This house may be the one, but if it isn’t, that’s still okay. It won’t be the end of the world. Maybe there is another house for us that hasn’t even been put up for sale yet. Maybe there is a perfect house for us to rent or perhaps we will move into another apartment.
No matter what the future holds, God is in control of the situation. Our Lord is always with us; we are not going to slip his mind.
Major or trivial, cast your burdens upon the Lord. Then be patient. Things have a way of working out, if not they way or the in the time frame we thought they would.
Intersecting Faith and Life:
 Look within and consider which fruit of the spirit you struggle with. Is it patience like me? Perhaps it is faith or self-control. Whichever fruit you are “missing,” pray for the Lord’s help as you work to strengthen it.
Further Reading:


Weekly Devotional – March 28th, 2016

by Sarah Phillips, Crosswalk.com Contributor

I shall not die, but I shall live, and recount the deeds of the LORD. The stone which the builders rejected has become the head of the corner. This is the LORD’s doing; it is marvelous in our eyes.
Psalms 118: 17, 22-23

Most of you celebrated the Lord’s resurrection yesterday. For many, it was a glorious day of rejoicing in the miraculous. It was a day where you reflected not only on the event 2,000 years ago, but on the resurrections in your own life. The day you accepted Christ. The day a long-awaited prayer was answered. The day sickness was healed or sorrow wiped away.

For others, this day only served as a reminder of your cross. You felt like you got left at Good Friday, weeping, while the rest of the world moved on to Easter Sunday. You wish you could celebrate, but you don’t know how. You may have even apologized to God for your somberness. You’re not alone, I assure you.

In the past few months I’ve watched several Good Friday’s and Easters play out in the lives of those around me. Engagements and babies ushered in cries of rejoicing and praises to God. Yet, cancer, infidelity, and financial hardship occurred uncomfortably close to these joyful events.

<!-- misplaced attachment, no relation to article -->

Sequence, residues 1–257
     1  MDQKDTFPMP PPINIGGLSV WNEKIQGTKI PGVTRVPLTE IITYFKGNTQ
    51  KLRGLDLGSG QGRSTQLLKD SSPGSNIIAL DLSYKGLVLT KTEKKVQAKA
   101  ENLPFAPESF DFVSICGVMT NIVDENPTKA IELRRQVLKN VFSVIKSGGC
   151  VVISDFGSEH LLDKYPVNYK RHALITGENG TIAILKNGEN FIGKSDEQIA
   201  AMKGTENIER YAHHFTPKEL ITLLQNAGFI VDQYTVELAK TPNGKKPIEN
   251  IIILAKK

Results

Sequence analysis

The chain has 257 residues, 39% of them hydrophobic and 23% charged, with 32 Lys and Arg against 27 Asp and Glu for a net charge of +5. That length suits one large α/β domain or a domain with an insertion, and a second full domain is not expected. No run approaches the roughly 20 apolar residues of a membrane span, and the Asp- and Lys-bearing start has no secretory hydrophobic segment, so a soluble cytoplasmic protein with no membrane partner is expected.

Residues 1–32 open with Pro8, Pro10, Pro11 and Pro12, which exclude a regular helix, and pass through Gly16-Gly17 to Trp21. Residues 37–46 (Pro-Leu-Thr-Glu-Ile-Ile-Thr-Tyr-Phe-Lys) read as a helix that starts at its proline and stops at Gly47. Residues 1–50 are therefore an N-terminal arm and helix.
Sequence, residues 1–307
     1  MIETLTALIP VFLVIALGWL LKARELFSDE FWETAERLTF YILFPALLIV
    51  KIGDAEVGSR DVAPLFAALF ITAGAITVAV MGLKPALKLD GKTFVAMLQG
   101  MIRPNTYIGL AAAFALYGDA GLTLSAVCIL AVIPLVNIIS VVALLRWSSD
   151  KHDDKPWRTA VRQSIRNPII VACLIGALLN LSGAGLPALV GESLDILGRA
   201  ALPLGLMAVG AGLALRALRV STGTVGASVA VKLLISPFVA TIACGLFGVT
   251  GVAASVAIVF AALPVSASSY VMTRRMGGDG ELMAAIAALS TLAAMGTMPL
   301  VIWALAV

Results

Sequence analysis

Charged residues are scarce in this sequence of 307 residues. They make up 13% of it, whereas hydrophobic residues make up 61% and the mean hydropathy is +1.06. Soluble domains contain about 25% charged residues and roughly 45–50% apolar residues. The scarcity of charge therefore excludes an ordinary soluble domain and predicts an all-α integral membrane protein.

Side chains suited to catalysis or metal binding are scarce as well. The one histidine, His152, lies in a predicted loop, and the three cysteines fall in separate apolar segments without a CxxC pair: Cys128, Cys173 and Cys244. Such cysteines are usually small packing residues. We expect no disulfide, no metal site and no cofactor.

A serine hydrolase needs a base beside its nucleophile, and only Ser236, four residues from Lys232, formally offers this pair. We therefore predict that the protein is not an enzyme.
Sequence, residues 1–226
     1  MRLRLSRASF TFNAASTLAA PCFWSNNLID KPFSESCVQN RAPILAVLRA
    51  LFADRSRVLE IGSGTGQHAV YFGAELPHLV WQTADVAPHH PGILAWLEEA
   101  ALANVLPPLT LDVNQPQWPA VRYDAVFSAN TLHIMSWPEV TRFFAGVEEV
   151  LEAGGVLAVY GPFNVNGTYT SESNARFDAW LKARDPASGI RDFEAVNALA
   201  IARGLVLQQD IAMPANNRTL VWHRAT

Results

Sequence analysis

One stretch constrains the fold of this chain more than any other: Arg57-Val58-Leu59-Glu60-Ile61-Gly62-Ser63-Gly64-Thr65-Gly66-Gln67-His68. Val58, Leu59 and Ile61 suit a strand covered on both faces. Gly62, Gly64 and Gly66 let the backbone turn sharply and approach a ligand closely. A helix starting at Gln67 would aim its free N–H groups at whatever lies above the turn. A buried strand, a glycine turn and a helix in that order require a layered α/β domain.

Most of life is like this. Happiness, unmixed, is not easy to come by.

So how do we deal with this reality? How do we deal with Good Friday and Easter coexisting?

I think we start with recognizing that the first Easter, the real Easter, was not just one event in time that occurred long ago. Christ’s resurrection spanned the ages and has eternal consequences. It applies to you and me today just as much as it did to Christ’s followers on Easter morning. It also applies to the future. Our hope, no matter where we may be today, is in the transforming truth of Easter.

Secondly, I think we need to remember that true faith in God does not rely on our emotions. If you cried on Easter morning because life has been wearing you down, God still accepts you. In fact, he died and rose for you so that he could more closely walk with you through these hard times. He knows, more than anyone, the heaviness of the cross.

Third, I think we need to remember that as awe-struck as Christ’s first followers felt after his resurrection, they still didn’t know what it fully meant… for humanity or for their personal lives. While the resurrection brought their beloved Rabbi back to them, he was different now. The resurrection simultaneously healed some wounds while opening a new can of questions, insecurities, fears, and even pain – at least temporarily.

Ultimately, all Good Friday’s will lead to joyful Easter mornings if we cling to Christ. Whether you are in a season of hardship, rejoicing, or a mix of both, the key is to keep walking in faith one step at a time. Only the risen Christ can guide us through the foggy path of life. And when our final Easter morning arrives, we’ll finally see with clarity that the journey was worth it.

Intersecting Faith & Life:

Reflect on the “little resurrections” in your life – the times God answered a prayer in a very tangible way, the blessings in your life, and the miracles you’ve witnessed. All these serve as reminders of the great work God will continue to do in your life.

Further Reading

Acts 2:14, 22-33
Psalm 16:1-2, 5, 7-11
Matthew 28:8-15